04-03-2001, 08:53 AM
After seeing Nate's superb creations at the casting clave, I went out and bought the book (A Perfect Fish). The application of traditional wet-fly techniques to the saltwater environment and Kenny's philosophy behind fly design have really got me thinking. I am now more determined than ever to take the Spey techniques to the Canal.
Lamentably,I missed the Abrames presentation at the Marlborough show but recall that they had an amazing selection of saddle capes in all the various shades.
Does anyone recall the source of these materials, also some of the bucktail shades I've not seen on the shelves of the local fly shops?
04-03-2001, 09:16 AM
The Salt Water Edge in Newport is the source for the Abrames saddles, and they may have the bucktail colors called for in the patterns. In the "What's New?" area on the side bar of this board, there is an area about the SaltWater Edge fly-tying fair.
04-03-2001, 09:45 AM
Thanks Greg. I'll have to call in there on my way to the RI Early Bird!
I agree - there is a recipe in the archive <!--http--><a href="http://www.flyfishingforum.com/cgi-bin/UltraBoard/UltraBoard.pl?Action=ShowPost&Board=coastal_fly&Post=69" target="_blank">HERE</a><!--url--> posted by Bob Pink Jr. for your tying pleasure.
As another person who has tied salmon and steelhead flies like you, I felt the same sense of connection between the Abrames flies and classic ties.
Adrian, I heard Ken is doing an all day presentation in Duxbury on April 21st. I guess the details are at home, I'll post them later tonight.
04-03-2001, 04:26 PM
Thanks for the heads-up. I did a quick search and came up with Baymen Flyfishing (Capt. Dave Bitters) at:
<a href="http://www.baymenflyfishing.com/newsletter.html" target="_blank"><!--auto-->http://www.baymenflyfishing.com/newsletter.html</a><!--auto-->
04-04-2001, 08:40 AM
Kenny really draws alot from wetflies presentations from At. Salmon and Steelhead fishing. THose razel Dazels that you where looking at aren't designed to be striped but drifted as you would a wetfly. I am really excited about using this type of preso and I think it is going to be very effective in strong current areas like the canal or the the bass river. I think Adrian is right that this would be further amplified with the use of a spey. At the clave we where talking about the flies and I said that I would rather have a fly that was half realistic if I could present it to fish for twice as long. I really think this is true. Add this to Kenny thoughts on realism verse impressionism is true. That in these situations it is more important to have a fly that presents an impression of the color and movement of the fish rather then a fly that looks just like the fish. Together these represent a completely different approach to fishing in moving water situations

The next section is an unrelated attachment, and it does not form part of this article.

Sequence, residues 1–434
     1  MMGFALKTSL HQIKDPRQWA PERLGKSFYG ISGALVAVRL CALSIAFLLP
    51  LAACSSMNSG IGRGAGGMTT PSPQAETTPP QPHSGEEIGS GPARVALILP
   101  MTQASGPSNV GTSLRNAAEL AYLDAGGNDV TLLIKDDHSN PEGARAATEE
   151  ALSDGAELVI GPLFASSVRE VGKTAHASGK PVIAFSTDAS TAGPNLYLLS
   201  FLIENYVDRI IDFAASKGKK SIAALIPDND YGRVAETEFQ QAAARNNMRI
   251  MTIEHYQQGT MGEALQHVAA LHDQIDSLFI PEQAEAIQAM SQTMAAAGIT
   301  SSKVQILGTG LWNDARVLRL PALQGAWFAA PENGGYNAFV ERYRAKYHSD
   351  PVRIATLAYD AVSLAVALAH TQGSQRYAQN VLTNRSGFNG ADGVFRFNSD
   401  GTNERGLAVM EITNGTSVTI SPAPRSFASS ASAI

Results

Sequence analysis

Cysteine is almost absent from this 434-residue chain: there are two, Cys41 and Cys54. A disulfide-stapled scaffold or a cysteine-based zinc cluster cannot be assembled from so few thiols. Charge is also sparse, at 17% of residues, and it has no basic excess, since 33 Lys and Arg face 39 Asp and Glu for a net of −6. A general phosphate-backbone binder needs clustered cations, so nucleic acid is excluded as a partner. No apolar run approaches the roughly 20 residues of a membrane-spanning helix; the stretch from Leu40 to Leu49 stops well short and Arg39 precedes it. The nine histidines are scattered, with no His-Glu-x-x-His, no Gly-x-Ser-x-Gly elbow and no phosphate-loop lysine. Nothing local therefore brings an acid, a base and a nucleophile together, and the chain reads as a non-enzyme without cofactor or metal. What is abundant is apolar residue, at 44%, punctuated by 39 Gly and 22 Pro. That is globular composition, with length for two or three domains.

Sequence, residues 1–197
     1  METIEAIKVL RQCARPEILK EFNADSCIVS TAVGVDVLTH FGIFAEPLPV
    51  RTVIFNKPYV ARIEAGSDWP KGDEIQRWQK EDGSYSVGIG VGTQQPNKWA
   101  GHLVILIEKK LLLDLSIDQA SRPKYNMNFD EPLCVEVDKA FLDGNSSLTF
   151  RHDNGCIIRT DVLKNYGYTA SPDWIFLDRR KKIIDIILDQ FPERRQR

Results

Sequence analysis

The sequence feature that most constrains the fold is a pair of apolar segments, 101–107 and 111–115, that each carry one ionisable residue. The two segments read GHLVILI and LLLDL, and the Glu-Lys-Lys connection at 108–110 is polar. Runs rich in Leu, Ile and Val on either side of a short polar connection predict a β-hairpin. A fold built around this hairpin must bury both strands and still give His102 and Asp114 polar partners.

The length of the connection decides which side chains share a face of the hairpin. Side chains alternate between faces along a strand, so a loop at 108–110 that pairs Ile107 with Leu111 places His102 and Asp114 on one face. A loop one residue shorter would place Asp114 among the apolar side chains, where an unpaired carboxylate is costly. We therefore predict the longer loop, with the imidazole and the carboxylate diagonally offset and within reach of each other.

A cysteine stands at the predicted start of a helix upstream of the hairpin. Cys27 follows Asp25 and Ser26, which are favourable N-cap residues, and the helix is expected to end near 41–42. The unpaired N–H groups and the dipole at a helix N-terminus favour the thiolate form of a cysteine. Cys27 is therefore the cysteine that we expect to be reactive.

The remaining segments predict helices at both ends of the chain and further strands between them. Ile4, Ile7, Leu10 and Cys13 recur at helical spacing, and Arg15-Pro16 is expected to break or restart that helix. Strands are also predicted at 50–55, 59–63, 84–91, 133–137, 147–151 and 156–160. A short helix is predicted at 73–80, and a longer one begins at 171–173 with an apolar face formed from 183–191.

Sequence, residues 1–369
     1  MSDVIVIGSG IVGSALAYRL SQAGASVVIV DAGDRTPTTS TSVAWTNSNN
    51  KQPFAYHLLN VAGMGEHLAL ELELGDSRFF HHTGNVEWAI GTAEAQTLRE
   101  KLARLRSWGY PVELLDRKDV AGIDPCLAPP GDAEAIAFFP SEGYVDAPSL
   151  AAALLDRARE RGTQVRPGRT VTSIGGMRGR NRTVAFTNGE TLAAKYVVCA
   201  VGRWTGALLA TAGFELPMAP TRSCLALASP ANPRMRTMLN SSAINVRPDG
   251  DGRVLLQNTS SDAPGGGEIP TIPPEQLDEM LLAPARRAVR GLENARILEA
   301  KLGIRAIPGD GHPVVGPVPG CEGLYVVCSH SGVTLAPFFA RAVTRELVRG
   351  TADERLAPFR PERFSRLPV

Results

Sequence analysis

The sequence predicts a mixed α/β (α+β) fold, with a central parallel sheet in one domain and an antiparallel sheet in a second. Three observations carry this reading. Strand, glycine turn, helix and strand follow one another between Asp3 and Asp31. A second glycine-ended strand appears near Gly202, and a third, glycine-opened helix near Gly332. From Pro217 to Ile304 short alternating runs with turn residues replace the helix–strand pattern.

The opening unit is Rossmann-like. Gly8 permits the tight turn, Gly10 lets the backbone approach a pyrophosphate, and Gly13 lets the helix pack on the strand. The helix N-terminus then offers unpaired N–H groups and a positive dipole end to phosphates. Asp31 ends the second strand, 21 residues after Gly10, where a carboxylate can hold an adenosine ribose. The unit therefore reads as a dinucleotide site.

However if we are talking flats or open water throw all this away. It is completely different. In these situations the rules are different. Controlled movement are very important. Here you created life in the fly by the way you strip it. Jigs flys like clousers rule here.
04-04-2001, 10:27 AM
Good points Nathan. The advantages of the Spey technique are the ability to throw a fly where a normal backcast is impossible owing to high river banks or Joggers on the Canal path. The long rod also asists in extending the duration of the presentation.
I've been thinking about the flats as well but employing a very different approach. I've experienced several situations where bonefish have nailed a "static" fly when other presentations were either ignored or greeted with a rapid departure. Whenever I watch small shrimps or crabs in shallow water, whilst they appear to be static, close inspection shows there's always some very subtle movement in response to the surrounding current. The keys are water movement, which is present on the flats pretty much all the time, and highly mobile materials like arctic fox and marabou.
Now, presentating a static fly on the bottom is a bit tangential to trad. wetfly techniques, but I think the essence of creating an impression of life still applies. I remember watching stripers tailing at North Monomoy a couple of years ago and wishing I had my bonefish flies with me when they completely ignored the king size deceivers I was armed with. At the time I thought they were digging out crabs but subsequently learned that they were picking up sandeels. Reading Ken's book brought that experience back. I've not done enough observation to know what particular feature these stripers were keying in on. Was it movement or scent? If movement, then there's an opportunity.
The opportunity to present an offering to a tailing fish, fool it and experience the visual take is, for me at least, one of the highest forms of the art, saltwaters answer to dry fly on the chalk streams.
How about it? I can't wait to get back out there!